Roberto Martinez will look after both the old and younger members of his Everton squad with new contracts in January.
Arsene Wenger knows Champions League football next season would strengthen Arsenal's hand in their bid to extend Robin van Persie's contract.
The Gunners head to West Brom on Sunday needing victory to secure third place, and with it safe passage into the group stages of Europe's elite club competition once again.
The future of captain Van Persie, who has plundered 30 league goals, remains subject for speculation, with the Dutchman set to talk with the club ahead of departure to Euro 2012.
Asked if guaranteeing Champions League football would make it easier to convince Van Persie to sign an extension to his current deal which still has a year to run, Wenger said: "On my side I am inclined to think 'yes', but you should ask him. I don't know whether it will have an influence on him.
"Anyway, we don't focus on just that. Robin is not at the end of his contract."
Wenger feels the Gunners would not necessarily be forced to sell Van Persie, as they did with Cesc Fabregas to Barcelona and Samir Nasri to Manchester City last summer.
"People speak like our position is not important. Our position is very important," said Wenger.
"Our position with Cesc was to let him go because he wanted to go."
After playing catch-up at the end of the August transfer window, Wenger has already done some early transfer business with the £10million signing of German striker Lukas Podolski.
Wenger believes it will be a "quiet summer", and believes getting the likes of England midfielder Jack Wilshere - who has not kicked a ball in anger this season - fit again will be just as important as any new signings.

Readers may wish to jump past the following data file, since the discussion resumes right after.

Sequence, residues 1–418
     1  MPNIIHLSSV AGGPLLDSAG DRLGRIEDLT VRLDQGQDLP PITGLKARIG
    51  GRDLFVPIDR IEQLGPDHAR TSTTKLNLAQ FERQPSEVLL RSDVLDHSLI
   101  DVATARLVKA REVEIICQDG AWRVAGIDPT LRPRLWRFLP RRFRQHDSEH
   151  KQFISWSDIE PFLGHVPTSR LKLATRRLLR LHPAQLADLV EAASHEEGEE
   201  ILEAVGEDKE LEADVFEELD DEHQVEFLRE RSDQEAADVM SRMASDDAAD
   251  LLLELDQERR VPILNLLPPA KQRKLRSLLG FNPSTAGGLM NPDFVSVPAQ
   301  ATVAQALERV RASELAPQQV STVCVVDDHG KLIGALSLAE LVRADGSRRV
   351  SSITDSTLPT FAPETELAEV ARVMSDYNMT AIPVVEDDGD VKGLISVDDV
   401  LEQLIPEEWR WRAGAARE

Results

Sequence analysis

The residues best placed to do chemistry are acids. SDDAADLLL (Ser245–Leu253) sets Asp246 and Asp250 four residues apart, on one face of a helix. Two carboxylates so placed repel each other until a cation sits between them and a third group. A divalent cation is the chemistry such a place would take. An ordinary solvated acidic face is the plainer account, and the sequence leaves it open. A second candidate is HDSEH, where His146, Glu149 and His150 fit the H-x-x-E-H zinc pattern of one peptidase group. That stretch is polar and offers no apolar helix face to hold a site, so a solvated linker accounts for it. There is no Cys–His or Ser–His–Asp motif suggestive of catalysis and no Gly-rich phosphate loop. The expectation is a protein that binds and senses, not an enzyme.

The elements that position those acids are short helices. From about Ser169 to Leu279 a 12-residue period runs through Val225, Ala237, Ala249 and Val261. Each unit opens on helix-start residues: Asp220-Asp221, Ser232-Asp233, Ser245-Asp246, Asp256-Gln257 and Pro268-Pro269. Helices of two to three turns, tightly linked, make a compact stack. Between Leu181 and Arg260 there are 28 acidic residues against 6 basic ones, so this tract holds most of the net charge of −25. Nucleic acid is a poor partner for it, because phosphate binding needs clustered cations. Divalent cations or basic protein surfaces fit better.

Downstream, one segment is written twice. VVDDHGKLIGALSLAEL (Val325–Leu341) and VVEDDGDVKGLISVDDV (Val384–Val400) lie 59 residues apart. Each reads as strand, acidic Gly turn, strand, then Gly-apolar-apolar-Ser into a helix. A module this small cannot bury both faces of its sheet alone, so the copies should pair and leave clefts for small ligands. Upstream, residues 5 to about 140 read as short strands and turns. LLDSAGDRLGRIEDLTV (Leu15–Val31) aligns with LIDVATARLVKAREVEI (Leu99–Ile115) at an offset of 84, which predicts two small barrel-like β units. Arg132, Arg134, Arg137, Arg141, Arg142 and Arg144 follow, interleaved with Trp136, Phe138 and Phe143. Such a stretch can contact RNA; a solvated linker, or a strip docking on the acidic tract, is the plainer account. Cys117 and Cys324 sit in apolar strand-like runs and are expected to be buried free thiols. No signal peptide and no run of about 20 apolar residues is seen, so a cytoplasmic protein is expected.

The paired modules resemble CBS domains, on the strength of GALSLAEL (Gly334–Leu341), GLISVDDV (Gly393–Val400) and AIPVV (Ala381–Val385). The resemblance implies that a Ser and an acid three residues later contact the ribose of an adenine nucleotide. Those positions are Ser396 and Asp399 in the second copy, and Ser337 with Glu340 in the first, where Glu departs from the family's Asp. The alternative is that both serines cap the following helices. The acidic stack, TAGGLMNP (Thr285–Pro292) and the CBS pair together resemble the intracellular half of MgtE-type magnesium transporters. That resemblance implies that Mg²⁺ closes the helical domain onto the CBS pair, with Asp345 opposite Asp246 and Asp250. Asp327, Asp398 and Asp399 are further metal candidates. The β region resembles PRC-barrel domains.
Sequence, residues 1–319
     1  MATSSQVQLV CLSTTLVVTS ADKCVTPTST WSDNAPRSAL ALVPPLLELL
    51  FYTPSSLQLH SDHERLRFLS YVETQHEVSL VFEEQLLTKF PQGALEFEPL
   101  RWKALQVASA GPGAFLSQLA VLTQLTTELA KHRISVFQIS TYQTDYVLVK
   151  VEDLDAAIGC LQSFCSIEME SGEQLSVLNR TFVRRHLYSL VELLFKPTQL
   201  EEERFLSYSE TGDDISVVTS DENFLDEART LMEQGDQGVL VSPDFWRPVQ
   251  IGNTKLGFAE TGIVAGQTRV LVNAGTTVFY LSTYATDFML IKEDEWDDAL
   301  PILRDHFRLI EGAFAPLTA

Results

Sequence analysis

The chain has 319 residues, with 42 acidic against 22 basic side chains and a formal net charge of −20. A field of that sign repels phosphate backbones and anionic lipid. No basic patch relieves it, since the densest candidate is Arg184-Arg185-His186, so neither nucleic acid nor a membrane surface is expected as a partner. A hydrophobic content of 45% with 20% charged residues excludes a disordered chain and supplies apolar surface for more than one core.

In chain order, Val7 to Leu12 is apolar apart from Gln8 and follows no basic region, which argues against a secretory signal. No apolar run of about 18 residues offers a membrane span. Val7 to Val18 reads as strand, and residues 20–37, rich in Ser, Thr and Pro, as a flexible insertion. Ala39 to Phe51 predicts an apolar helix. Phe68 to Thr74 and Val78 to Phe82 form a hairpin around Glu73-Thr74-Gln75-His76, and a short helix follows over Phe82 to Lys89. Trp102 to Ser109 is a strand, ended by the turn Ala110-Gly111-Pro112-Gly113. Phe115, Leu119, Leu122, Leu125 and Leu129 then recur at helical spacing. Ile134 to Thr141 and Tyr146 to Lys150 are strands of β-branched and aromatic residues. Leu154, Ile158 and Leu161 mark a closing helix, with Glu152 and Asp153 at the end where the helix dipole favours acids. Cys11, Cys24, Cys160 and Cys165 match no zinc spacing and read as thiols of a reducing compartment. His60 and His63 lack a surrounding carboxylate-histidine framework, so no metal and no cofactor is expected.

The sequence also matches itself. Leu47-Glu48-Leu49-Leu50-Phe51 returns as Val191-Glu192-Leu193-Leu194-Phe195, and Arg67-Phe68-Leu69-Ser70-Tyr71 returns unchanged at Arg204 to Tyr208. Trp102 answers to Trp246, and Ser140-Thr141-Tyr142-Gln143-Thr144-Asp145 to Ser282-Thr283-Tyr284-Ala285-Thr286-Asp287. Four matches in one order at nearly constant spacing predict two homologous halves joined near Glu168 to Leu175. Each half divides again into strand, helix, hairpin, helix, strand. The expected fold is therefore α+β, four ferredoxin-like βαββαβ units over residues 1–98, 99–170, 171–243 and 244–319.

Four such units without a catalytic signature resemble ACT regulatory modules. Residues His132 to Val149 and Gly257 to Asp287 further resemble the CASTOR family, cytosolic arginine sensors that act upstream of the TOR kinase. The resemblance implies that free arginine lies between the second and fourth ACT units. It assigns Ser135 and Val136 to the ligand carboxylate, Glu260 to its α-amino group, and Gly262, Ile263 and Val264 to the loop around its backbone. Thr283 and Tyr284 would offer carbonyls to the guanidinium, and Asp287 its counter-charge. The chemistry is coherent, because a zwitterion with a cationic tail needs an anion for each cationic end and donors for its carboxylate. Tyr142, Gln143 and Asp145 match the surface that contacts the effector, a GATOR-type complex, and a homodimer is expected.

"Another way to strengthen for us is to get Wilshere and [Abou] Diaby, who didn't play at all the whole season," said Wenger.
"You look at the number of players - we have 34 players when they all come back. That means you have to pay nine not to play."
Arsenal would have already been secure in third place had they beaten Norwich last weekend, instead of being pegged back in a thrilling 3-3 draw.
Yet by the same token, rivals Tottenham were at one stage themselves in the driving seat for automatic qualification, only to suffer from a lack of consistency themselves.
"Both teams have not been capable to do it. We have been in position as well where we were not capable to do it. It can happen. The championship is difficult," said Wenger.
"For example, Norwich played 3-3 against us. We could have won the game, we could have lost the game. They went to Tottenham and won at a period where Tottenham could secure the [third] place. It happened to both Tottenham and us."
Just as much as each club could yet be playing in the Champions League again next season, they could also be dropped down into the Europa League should Chelsea win the European Cup on May 19.
Wenger, though, rejected suggestions the Europa League was a "useless competition".
He said: "You play where you have to and it's better to play there than not at all.
"When you play Thursday night and Sunday it's exactly the same as Wednesday night and Saturday.
"But if you ask me if we prefer the Europa League or Champions League then you are completely right, we want to be in the Champions League, we don't want to be in the Europa League."
Wenger, though, will not be looking for any excuses at The Hawthorns.
"In football you can always find reasons to affect things. On our side, you can say that talking about transfers has an effect," he said.
"You are professionals in our job, we are professionals in our job and to be professional is to perform when you are expected. It's as simple as that."